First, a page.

The next morning, Trygve, Turid, Kristin, Sissel, and I drive to their beloved cabin in the “mountains” (when to me, this entire country is a mountain) which is somewhere in the wilderness between Bergen and Voss. I’m a little confused when I see the cabin across a river, but when we park on the other side, Turid explains to me that to get to the cabin we have to hop a guardrail, walk a little downhill and then cross a short bridge and some rocks to get there. Wearing my nicest jacket and a borrowed pair of Wellies, I actually laugh aloud when I think of a real estate agent in her heels 20 years back telling Turid and Trygve, “And here we have the romantic entranceway of… a river…”
Trygve, Sissel’s tall and quiet brother, is the stereotypical strong and silent type, only speaking when spoken to and taking on all his fatherly duties with a quiet confidence. He lights the wood stove as Turid, a teapot-looking woman with a permanent smile on her face puts some pastries on the table, called “shillings” (they look a lot like cinnamon rolls and only cost a shilling back in the day). Kristin gives us a little tour of the modest cabin, showing us how her parents have expanded the cabin over the last 20 years. She shows us all the bedrooms, in which Turid has handmade the quilts.
When Turid and Sissel go outside to sit on the deck and drink tea, Trygve, Kristin, and I go for a hike, which seems to be a favorite activity of this family. As Trygve marches forward, I chat with Kristin, who at first glance is stern and dignified and may intimidate me just because she is a teacher of English and German at a high school in Bergen. Her hair is usually pulled back and she speaks in a tight British accent, as she got her Masters in English in York, England. But within five minutes of talking to Kristin, she’ll tell you how she literally has an apartment stuffed with books she loves and how much she adores teaching, even if she’s living in a village in Thailand and waking up at 5:00 am everyday, as she did a few years ago when she taught English abroad.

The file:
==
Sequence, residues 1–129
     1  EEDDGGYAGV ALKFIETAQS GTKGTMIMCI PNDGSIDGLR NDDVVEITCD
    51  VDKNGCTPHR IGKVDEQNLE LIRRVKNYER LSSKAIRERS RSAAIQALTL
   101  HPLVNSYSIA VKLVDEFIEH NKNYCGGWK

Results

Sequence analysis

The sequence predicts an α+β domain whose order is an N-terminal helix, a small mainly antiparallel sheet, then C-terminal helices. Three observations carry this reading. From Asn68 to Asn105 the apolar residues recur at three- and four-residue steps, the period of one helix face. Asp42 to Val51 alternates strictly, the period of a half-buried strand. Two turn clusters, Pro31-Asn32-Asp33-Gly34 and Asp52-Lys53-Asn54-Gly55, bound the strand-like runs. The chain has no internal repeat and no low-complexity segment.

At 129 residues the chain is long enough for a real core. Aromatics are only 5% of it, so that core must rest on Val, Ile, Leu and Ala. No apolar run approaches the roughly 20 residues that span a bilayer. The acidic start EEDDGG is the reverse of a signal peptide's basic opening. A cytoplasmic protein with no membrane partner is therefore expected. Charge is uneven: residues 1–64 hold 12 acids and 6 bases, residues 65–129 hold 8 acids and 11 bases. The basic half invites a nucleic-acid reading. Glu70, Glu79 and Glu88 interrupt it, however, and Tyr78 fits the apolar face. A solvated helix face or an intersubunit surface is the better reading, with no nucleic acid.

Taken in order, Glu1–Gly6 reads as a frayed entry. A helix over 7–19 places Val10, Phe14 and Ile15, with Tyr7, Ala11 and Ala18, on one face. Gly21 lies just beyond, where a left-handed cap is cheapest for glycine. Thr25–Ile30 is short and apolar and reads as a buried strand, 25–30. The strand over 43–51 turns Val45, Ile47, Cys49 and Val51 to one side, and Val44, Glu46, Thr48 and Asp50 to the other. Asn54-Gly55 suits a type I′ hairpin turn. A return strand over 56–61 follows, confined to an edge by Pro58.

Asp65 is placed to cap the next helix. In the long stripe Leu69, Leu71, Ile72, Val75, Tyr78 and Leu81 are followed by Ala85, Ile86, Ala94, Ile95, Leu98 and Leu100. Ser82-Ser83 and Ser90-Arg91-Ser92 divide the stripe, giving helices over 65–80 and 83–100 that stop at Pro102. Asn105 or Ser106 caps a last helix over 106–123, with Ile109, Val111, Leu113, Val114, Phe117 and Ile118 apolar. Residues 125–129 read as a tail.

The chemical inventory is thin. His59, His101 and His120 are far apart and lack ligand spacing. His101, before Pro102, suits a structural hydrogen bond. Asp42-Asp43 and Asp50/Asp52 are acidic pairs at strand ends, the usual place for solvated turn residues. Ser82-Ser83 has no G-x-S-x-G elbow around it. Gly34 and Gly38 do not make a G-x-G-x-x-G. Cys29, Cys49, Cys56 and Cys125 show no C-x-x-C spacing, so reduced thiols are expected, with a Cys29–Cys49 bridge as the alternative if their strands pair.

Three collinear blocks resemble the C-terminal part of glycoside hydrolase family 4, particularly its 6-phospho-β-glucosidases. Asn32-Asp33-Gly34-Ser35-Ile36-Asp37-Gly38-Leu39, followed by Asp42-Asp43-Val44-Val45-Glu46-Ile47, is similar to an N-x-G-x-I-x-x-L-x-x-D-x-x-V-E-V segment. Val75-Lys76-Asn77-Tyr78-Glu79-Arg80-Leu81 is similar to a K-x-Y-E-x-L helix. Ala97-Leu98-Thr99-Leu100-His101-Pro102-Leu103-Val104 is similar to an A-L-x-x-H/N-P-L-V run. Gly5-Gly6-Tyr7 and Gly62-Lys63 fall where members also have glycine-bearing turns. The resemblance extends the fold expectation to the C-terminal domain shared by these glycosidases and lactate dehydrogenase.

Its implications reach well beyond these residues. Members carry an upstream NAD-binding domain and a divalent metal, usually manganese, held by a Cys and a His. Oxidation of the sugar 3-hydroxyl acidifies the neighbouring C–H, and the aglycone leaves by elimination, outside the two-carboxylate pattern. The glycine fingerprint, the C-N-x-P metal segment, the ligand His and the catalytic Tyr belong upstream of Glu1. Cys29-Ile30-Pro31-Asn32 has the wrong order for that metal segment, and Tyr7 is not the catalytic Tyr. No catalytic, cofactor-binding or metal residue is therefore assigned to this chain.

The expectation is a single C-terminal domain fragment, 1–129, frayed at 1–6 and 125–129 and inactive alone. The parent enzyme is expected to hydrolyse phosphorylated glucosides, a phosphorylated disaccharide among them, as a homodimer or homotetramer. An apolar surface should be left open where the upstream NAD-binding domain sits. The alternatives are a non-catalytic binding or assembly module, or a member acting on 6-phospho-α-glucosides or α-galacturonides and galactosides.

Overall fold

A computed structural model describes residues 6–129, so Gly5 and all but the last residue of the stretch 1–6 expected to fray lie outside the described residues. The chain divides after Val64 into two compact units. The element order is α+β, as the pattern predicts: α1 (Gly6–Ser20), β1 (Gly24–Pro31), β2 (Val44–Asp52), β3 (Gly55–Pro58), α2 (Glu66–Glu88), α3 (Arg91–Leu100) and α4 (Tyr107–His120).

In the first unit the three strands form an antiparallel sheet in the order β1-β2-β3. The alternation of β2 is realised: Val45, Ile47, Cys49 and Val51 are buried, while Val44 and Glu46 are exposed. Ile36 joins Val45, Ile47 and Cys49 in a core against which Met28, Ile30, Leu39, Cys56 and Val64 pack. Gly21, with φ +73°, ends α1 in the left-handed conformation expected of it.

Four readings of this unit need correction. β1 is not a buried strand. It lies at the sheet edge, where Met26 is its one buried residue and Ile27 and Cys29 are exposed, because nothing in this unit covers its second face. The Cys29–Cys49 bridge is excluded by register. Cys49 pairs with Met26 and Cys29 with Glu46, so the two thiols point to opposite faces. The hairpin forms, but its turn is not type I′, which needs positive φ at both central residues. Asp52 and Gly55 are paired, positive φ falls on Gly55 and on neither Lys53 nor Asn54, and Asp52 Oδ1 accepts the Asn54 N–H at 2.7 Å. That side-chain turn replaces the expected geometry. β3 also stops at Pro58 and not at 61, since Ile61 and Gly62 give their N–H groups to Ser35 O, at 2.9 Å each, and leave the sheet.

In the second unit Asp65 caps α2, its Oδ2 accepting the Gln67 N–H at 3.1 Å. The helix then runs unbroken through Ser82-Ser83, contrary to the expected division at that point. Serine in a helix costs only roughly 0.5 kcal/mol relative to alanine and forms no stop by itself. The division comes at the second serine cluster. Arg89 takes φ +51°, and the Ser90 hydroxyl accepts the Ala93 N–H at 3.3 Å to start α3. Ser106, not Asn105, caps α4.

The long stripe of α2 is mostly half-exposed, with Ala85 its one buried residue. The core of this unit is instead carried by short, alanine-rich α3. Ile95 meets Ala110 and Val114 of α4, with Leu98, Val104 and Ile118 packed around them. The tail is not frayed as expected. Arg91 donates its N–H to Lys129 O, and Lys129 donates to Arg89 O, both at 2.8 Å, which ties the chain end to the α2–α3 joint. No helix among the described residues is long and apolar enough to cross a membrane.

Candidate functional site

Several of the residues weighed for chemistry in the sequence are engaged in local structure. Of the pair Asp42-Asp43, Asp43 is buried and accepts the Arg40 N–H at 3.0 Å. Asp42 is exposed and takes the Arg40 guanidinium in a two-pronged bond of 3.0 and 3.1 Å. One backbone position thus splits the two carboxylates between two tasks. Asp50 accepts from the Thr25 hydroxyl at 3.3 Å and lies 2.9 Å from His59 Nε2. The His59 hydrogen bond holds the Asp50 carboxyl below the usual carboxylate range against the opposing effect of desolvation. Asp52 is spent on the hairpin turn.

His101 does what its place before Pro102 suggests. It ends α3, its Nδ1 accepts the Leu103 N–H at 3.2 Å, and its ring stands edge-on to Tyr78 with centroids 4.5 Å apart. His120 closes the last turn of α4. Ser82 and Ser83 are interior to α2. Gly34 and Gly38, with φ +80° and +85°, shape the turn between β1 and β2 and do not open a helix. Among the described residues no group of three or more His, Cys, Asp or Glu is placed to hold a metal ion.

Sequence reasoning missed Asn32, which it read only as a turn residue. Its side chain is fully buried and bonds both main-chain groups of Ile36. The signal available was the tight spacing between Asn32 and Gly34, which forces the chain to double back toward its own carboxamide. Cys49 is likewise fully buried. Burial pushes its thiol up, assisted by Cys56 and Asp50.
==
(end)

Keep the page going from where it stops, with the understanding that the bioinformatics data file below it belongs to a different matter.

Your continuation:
In the first leg of the hike, we go through a gate and pass through an old farm, which wraps around one side of the lake that the cabin overlooks. A little hoard of sheep blocks our way, which someone has oddly locked on one part of the bridge, but they scatter as soon as we start to walk through. Going up the all-uphill first half of the hike reminds me a lot of Colorado with its rolling hills surrounded by mountaintops dotted with snow and ice. Waterfalls are all around us on the tops of some of the mountains. As pretty as it all is, it feels good to finally collapse in a heap by the wood stove before driving back to Bergen on the little wraparound roads.
That night, we walk next door to Trygve and Turid’s son, Andreas’, house, where he lives with his wife, Katrina, and their two blonde children, Sandra and Guru. We have a traditional Norwegian dinner of tacos and Spanish wine (well paired, as my teacher, Giancarlo, would say). I start to see how American/Norwegian/or anything else doesn’t really matter over a bottle of wine and well-deserved meal after a long day, because no matter what the continent, everyone can smile about the same things.